😰

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Screw you Facebook!

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Like it isn’t bad enough we haven’t travelled anywhere since Christmas 2019.

As if I don’t miss the annual large trip and three smaller vacations we used to take every year.

Because Covid hasn’t made life as sedentary and boring as possible? Facebook has to twist the knife in a little deeper with their constant “memories” feature.

On this day three years ago you were happy!

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On this day three years ago you were exploring Sedona Arizona!

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On this day three years ago you had no idea life would soon come to a screeching halt!

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So cut it out Facebook!

I don’t need to be reminded how much I loved traveling… I realize it every time we treat walking over to the man cave/Barn Mahal like a weekend getaway.

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I totally saw a yacht at sea.

How pathetic is that?

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Let’s play.

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Stop groaning, this one is easy.

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I’m sure I must have seen other movies before this one… we had a lovely old fashioned theater in my hometown complete with velvet covered balcony seating… and I’m sure my mother took me to all the Disney classics, but the first film I have full actual memories of seeing is The Poseidon Adventure.

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It was 1972 and Irwin Allen’s gigantic blockbuster disaster movies were all the rage.

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The premise was simple. Assemble a huge cast and blow them up. Or burn them down. Or in this case, sink them.

I’ve seen the film many times since then ( not by choice, because the husband is always tuned to the old turkey channel ) but my first time will always be special… because I was with my dad.

My late father was not a movie person. Hell, we didn’t even have a television in the house when I was young and when we finally did get one …. it was banished to a small rarely used room.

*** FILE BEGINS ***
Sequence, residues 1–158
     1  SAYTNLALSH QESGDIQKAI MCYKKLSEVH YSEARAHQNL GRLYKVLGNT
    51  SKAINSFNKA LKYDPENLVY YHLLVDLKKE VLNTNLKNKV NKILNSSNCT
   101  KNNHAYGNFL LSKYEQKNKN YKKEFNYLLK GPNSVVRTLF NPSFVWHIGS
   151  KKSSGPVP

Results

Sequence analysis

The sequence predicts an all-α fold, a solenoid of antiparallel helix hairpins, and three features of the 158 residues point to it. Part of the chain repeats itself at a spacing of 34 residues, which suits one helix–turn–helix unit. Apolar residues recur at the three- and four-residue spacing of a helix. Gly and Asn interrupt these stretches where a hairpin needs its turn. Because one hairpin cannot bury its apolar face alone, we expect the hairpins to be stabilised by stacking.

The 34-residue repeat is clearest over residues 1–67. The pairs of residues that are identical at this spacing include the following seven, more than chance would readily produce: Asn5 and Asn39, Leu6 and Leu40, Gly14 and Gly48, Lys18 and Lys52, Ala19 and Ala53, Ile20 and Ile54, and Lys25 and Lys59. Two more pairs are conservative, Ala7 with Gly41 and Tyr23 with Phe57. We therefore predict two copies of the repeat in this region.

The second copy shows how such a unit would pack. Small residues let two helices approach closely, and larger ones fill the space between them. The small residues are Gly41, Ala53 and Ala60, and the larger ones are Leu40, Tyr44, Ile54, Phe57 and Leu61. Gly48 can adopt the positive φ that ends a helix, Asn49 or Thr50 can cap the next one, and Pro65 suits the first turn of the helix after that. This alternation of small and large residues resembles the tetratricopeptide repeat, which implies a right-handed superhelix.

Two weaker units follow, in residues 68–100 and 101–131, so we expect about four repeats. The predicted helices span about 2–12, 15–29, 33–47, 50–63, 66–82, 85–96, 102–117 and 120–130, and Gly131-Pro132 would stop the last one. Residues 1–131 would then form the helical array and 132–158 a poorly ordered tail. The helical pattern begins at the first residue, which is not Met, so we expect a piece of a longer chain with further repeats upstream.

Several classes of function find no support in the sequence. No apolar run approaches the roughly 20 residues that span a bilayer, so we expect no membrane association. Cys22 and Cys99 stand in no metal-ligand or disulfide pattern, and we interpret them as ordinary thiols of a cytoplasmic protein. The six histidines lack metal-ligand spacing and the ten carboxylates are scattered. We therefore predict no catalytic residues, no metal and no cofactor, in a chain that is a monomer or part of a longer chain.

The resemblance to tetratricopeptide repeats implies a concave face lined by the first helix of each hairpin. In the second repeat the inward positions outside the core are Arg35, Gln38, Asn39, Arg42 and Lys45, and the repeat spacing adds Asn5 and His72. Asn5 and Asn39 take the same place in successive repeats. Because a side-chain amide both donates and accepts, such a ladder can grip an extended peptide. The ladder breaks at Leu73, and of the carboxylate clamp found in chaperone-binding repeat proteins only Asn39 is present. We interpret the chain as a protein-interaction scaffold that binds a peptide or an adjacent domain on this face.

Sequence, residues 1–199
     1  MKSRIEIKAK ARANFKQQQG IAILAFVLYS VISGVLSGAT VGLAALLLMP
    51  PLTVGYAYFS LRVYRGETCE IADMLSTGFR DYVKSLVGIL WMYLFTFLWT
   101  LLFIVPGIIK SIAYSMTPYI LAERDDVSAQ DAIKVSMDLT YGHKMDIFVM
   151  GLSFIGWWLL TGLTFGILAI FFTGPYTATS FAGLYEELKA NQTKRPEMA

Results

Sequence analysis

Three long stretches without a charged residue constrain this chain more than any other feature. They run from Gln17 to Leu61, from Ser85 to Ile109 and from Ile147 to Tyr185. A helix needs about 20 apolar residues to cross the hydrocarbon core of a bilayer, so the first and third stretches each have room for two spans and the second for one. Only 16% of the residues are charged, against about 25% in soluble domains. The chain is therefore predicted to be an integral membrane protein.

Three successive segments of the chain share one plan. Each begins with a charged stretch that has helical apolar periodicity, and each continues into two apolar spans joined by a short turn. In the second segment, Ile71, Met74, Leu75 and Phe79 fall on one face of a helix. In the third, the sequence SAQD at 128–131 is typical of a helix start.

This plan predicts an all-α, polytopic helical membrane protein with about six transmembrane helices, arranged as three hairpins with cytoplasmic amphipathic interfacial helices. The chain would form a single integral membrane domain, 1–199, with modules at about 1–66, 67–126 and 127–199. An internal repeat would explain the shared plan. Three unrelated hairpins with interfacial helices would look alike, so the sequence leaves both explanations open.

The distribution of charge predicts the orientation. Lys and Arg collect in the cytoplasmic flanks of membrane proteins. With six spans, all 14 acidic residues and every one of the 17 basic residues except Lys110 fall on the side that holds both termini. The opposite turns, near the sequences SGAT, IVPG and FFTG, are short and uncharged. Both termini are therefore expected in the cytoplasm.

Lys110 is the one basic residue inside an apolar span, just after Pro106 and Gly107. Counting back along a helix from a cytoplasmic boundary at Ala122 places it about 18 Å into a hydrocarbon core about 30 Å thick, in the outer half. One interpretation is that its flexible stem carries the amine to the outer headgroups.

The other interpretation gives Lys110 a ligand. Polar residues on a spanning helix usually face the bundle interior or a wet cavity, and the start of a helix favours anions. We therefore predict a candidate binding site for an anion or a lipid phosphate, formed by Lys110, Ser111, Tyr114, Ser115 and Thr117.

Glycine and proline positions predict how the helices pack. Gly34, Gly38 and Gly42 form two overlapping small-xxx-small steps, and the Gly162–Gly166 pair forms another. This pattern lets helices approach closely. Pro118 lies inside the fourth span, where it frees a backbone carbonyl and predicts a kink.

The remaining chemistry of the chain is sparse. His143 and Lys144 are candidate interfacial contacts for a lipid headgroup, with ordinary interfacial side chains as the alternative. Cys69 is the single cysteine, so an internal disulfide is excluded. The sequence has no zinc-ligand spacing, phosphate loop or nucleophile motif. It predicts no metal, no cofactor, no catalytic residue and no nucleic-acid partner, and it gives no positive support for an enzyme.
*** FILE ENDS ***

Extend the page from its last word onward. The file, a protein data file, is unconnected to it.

But on that day my mother was busy and my father offered to take me to the movies. I was an only child, a total daddy’s girl and the mere idea of it was heaven.

We picked the perfect seats and had the perfect snacks. (Hot buttered popcorn and Milk Duds in case you’re wondering) The lights dimmed, the music swelled and I settled in for a wonderful afternoon. I chattered like a magpie in the beginning and my father patiently and quietly answered all my inane questions.

Then it was happening. The actors were in place, the music changed to something ominous and then… the wave. The huge wave was about to sink the ship! It was loud! It was thrilling! People were screaming! Oh, the horror! I glanced over to gauge my father’s reaction to the cinematic magnificence before us….. and saw that he was sound asleep.

I didn’t have the heart to wake him… he worked long stress filled hours as the Vice President of a stock brokerage firm…. so I sat silently and watched the rest of the movie by myself.

He roused near the end, and pretended to have seen the whole thing. I pretended to believe him. And after all these years, it’s still one of the silly little memories of him that makes me cry.

So how about you?

What was the first movie you remember seeing.

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Random drivel.

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I don’t usually pay attention to the Facebook memories section, but this one from an old blog friend popped up the other day and I had to laugh.

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It really does.

🤣

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That sounds simple and delicious.

If you try it before me? Let me know.

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And for Brian at http://brianlageose.blog

Because we were chatting a while back about the ridiculous old station wagons we had to drive as teenagers. Here’s my husband and I posing in front of my parent’s ‘62 Ford Falcon.

Complete with wood on the side… because we stylin’.

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If you look closely you’ll see the entire passenger side is crumpled from me side swiping a telephone pole when I was 16.

Oops.